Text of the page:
Raspberry Pi Code – Rotary Encoder

The below Raspberry Pi code does:

  • Detects the direction and amount of rotation of the encoder.
    • If detecting the knob turned by one detent (click) in clockwise direction, increase the counter by one.
    • If detecting the knob turned by one detent (click) in anticlockwise direction, decrease the counter by one.
  • Detects if the button is pressed.

Detailed Instructions

  • Make sure you have Raspbian or any other Raspberry Pi compatible operating system installed on your Pi.
  • Make sure your Raspberry Pi is connected to the same local network as your PC.
  • Make sure your Raspberry Pi is connected to the internet if you need to install some libraries.
  • If this is the first time you use Raspberry Pi, See how to set up the Raspberry Pi
  • Connect your PC to the Raspberry Pi via SSH using the built-in SSH client on Linux and macOS or PuTTY on Windows. See to how connect your PC to Raspberry Pi via SSH.
  • Make sure you have the RPi.GPIO library installed. If not, install it using the following command:
sudo apt-get update sudo apt-get install python3-rpi.gpio
  • Create a Python script file rotary_encoder.py and add the following code:
# This Raspberry Pi code was developed by newbiely.com # This Raspberry Pi code is made available for public use without any restriction # For comprehensive instructions and wiring diagrams, please visit: # https://newbiely.com/tutorials/raspberry-pi/raspberry-pi-rotary-encoder import RPi.GPIO as GPIO import time # Pin numbers on Raspberry Pi CLK_PIN = 7 # GPIO7 connected to the rotary encoder's CLK pin DT_PIN = 8 # GPIO8 connected to the rotary encoder's DT pin SW_PIN = 25 # GPIO25 connected to the rotary encoder's SW pin DIRECTION_CW = 0 DIRECTION_CCW = 1 counter = 0 direction = DIRECTION_CW CLK_state = 0 prev_CLK_state = 0 button_pressed = False prev_button_state = GPIO.HIGH # Configure GPIO pins GPIO.setmode(GPIO.BCM) GPIO.setup(CLK_PIN, GPIO.IN) GPIO.setup(DT_PIN, GPIO.IN) GPIO.setup(SW_PIN, GPIO.IN, pull_up_down=GPIO.PUD_UP) # Read the initial state of the rotary encoder's CLK pin prev_CLK_state = GPIO.input(CLK_PIN) try: while True: # Read the current state of the rotary encoder's CLK pin CLK_state = GPIO.input(CLK_PIN) # If the state of CLK is changed, then pulse occurred # React to only the rising edge (from LOW to HIGH) to avoid double count if CLK_state != prev_CLK_state and CLK_state == GPIO.HIGH: # If the DT state is HIGH, the encoder is rotating in counter-clockwise direction # Decrease the counter if GPIO.input(DT_PIN) == GPIO.HIGH: counter -= 1 direction = DIRECTION_CCW else: # The encoder is rotating in clockwise direction => increase the counter counter += 1 direction = DIRECTION_CW print("Rotary Encoder:: direction:", "CLOCKWISE" if direction == DIRECTION_CW else "ANTICLOCKWISE", "- count:", counter) # Save last CLK state prev_CLK_state = CLK_state # State change detection for the button button_state = GPIO.input(SW_PIN) if button_state != prev_button_state: time.sleep(0.01) # Add a small delay to debounce if button_state == GPIO.LOW: print("The button is pressed") button_pressed = True else: button_pressed = False prev_button_state = button_state except KeyboardInterrupt: GPIO.cleanup() # Clean up GPIO on program exit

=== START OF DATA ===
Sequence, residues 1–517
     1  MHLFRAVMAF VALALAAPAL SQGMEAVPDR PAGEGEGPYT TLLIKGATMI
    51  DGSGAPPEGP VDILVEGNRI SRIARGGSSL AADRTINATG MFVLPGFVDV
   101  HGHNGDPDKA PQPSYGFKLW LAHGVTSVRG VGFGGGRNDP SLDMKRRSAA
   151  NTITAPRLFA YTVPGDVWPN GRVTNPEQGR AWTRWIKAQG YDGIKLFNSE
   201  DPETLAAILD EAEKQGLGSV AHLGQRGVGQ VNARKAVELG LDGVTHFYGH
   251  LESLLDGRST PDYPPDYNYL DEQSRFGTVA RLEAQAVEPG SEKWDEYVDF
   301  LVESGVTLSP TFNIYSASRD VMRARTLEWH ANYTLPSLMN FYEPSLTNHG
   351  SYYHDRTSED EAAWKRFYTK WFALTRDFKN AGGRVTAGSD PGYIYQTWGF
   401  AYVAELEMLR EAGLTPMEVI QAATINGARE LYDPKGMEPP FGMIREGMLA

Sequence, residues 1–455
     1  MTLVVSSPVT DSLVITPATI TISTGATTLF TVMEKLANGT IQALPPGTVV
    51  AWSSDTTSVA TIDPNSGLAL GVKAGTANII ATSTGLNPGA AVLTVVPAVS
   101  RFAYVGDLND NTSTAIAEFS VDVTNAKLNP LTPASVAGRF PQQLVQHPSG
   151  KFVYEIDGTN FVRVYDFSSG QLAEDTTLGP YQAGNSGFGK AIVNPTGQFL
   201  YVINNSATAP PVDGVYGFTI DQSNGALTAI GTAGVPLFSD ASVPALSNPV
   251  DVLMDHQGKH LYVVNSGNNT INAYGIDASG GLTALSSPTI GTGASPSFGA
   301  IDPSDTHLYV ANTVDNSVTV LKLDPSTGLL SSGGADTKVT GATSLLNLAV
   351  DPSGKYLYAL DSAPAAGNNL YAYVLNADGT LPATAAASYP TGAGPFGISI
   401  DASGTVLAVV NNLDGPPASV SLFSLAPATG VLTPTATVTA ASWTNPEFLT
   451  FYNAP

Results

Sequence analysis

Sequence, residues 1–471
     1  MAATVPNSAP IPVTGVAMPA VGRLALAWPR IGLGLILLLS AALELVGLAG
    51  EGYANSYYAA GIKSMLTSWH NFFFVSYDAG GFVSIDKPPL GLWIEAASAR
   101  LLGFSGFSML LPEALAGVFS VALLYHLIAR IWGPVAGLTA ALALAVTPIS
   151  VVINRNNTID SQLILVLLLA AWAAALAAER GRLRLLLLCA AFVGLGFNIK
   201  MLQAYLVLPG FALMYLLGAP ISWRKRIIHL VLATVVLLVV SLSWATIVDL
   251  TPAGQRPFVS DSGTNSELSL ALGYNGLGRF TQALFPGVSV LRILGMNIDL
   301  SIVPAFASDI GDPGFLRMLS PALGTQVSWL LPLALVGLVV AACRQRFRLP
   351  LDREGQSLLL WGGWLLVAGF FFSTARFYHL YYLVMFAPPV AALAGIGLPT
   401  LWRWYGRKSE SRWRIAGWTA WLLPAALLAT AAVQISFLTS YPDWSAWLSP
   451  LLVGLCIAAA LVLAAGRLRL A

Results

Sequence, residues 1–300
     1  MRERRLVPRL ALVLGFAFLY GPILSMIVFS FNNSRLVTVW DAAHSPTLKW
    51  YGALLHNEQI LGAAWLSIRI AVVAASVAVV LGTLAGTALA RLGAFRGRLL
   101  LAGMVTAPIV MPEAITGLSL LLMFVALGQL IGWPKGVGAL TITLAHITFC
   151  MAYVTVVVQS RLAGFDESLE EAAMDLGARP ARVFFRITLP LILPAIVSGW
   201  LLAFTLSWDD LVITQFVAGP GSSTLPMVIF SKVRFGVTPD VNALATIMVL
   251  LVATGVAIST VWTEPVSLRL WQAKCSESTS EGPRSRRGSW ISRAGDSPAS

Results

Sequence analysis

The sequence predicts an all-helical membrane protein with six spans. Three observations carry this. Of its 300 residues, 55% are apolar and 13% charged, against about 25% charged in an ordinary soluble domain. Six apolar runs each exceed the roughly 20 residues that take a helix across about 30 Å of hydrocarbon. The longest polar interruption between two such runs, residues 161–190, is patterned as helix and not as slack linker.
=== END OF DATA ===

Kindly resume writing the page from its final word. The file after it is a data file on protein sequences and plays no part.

• Save the file and run the Python script by executing the following command in the Terminal:
python3 rotary_encoder.py
  • Turn the knob in clockwise, then counterclockwise
  • Press the knob
  • Check out the outcome in the Terminal.
PuTTY - Raspberry Pi
DIRECTION: Clockwise | COUNTER: 1 DIRECTION: Clockwise | COUNTER: 2 DIRECTION: Clockwise | COUNTER: 3 DIRECTION: Clockwise | COUNTER: 4 DIRECTION: Clockwise | COUNTER: 5 DIRECTION: Counter-clockwise | COUNTER: 4 DIRECTION: Counter-clockwise | COUNTER: 3 DIRECTION: Counter-clockwise | COUNTER: 2 DIRECTION: Counter-clockwise | COUNTER: 1 DIRECTION: Counter-clockwise | COUNTER: 0 The button is pressed

Code Explanation

Check out the line-by-line comments in the code

Raspberry Pi Rotary Encoder Application

With Rotary Encoder, we can do the following applications but not limit:

  • Raspberry Pi - Rotary Encoder controls Position of Sevo Motor
  • Raspberry Pi - Rotary Encoder controls Brightness of LED
  • Raspberry Pi - Rotary Encoder controls Speed of Stepper Motor

Video Tutorial

Learn More